Ballard says the reality behind the One Water is the beginning of the understanding that water is not limitless. So to understand the relations or to start looking into the relationships between the irrigation, stormwater, drinking water, and sewer as an overall concept of all the opportunities that exist in the areas that we have.
Voisin asked why we didn’t discuss this earlier or start with the use of One Water. Ballard stated that part of it comes down to the financials of it. Most of these things will end up being high level and high cost things that can be envisioned in the future. Use this as a guidance document to take forward. If the committee does see interest for this in the community, use this as a stepping stone to move forward.
Faught stated that our wastewater is treated and can be used for irrigation. It just can’t be brought back into the treatment plant. A lot of time was spent on the reuse option in the 2012 plan and it was deemed too expensive at that point. One Water is preparing us for how far we are willing to go as a community. Climate change has changed the dynamics of water supply.
Jackson mentioned the integrated water resource strategy the water resource department wrote 5 years ago, and they are currently soliciting public comment on the document. They had a meeting last week in Medford to guide them towards revisions to the plan. You can go online to the water resource department and look for a way to submit comments.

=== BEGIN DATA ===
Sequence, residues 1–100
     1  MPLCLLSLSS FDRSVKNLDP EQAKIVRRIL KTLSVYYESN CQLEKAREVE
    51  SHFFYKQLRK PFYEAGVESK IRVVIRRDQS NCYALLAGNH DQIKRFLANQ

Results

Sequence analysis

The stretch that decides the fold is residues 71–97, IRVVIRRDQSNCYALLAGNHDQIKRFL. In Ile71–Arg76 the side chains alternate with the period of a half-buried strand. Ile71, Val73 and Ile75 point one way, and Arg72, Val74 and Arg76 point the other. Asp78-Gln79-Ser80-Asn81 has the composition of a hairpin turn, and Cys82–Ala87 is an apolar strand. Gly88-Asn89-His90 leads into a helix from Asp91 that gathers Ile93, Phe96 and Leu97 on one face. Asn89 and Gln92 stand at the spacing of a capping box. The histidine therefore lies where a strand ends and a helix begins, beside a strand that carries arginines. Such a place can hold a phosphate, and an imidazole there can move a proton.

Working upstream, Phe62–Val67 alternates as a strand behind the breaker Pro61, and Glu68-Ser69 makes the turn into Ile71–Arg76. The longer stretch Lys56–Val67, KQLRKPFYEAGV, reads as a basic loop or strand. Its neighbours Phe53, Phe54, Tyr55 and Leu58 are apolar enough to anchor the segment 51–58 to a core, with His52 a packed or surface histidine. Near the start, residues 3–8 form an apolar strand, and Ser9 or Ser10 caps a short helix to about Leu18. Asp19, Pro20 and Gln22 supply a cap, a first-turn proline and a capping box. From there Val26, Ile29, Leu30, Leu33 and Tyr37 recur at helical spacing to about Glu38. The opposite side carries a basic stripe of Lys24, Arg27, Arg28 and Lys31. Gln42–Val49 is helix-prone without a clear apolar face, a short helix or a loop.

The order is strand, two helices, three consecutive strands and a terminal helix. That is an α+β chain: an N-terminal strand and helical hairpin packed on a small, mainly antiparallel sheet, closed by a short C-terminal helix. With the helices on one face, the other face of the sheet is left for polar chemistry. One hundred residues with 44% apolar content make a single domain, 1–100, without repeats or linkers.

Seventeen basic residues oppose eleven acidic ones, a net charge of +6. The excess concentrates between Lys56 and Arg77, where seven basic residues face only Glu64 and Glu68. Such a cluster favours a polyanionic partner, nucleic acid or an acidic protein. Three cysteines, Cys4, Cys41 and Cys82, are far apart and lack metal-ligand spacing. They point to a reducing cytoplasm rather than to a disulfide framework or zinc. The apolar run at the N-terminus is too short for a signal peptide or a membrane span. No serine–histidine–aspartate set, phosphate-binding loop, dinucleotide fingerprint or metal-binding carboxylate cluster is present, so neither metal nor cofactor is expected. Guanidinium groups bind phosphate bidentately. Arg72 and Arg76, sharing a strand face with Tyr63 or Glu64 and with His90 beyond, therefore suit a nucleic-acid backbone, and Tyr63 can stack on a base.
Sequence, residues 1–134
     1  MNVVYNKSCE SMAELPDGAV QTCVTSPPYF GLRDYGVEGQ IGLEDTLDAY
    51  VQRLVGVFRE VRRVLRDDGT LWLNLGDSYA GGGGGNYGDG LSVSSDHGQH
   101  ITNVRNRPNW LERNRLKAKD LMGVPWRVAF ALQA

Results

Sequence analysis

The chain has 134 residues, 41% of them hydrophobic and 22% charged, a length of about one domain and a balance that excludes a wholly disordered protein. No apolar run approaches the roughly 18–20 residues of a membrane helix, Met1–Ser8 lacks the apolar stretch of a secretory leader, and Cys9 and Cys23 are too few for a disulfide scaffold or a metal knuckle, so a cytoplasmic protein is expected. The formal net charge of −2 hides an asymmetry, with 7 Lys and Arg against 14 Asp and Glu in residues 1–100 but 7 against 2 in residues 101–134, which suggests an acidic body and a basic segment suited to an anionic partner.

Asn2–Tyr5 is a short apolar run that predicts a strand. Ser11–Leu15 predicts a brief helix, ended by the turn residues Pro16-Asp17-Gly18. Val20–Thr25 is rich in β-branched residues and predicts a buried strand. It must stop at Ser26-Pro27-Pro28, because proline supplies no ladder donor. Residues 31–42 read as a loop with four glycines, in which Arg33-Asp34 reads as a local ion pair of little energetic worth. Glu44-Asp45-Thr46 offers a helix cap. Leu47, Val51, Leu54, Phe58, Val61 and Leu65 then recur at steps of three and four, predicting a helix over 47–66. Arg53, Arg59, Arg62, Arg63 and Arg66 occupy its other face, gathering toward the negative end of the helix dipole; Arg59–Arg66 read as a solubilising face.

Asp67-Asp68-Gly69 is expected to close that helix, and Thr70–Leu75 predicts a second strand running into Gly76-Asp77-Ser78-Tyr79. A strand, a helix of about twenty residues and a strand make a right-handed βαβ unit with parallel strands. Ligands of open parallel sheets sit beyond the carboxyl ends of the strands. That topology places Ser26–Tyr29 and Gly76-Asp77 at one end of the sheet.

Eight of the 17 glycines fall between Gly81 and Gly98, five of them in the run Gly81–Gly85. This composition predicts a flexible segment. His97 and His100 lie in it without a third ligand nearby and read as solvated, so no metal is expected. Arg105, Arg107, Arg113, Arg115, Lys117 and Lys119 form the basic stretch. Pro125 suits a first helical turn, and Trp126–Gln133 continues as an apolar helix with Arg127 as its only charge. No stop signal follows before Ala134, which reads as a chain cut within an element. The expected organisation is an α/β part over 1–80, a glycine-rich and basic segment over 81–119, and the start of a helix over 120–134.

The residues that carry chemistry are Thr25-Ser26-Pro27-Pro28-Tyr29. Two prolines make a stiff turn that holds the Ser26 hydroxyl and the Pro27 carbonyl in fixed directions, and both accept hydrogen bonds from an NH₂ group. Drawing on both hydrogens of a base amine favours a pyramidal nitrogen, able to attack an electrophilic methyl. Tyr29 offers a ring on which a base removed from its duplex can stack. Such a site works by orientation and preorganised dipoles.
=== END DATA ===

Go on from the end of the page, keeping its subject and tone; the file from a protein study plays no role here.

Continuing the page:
Fleury discussed the master plan schedule. He stated we are looking at a couple months before they reconvene and discussed significant issues. Once they get enough data put together and formulated, they’ll meet back up and talk about the next steps and the process. Their initial estimate was for the next meeting to occur in September.
Faught was reminded as Amaratico walked in, about a previous email sent to Faught about an interest in touring the TAP building. Faught suggested having a tour in place of the July meeting. Faught will also plan to have a celebration similar to the previous one when the new pump station is fully operational. He asked if there was an interest in touring the TAP station and also the water treatment plant in place of the July and August meetings.
Williams asked the group for their thoughts on the tour idea. Everyone agreed it’s a good idea to tour and that staff will set them up for the July and August meetings.
Fleury outlined water projects completed or in process since adoption of the 2012 plan. Approximately 7,000 yards of material have been removed from the east and west forks. There are 3,000 yards left on our permit and we are working on that removal project this summer. Bathometry of the reservoir was recently completed and compared to the 2007 data. The one area at the mouth showed a little bit of sedimentation, but the overall impact wasn’t significant based on the data. The data showed approximately 2,500 yards of accumulation near the mouth between 2007 and 2016.
Hunter stated it happened a couple years ago. There was a high flow in February that came over the W. fork and blew out a bank that was built up from the 1997 flood and moved it down into that low zone. It was a onetime thing that ended up moving most of that material into that section or Reeder Reservoir.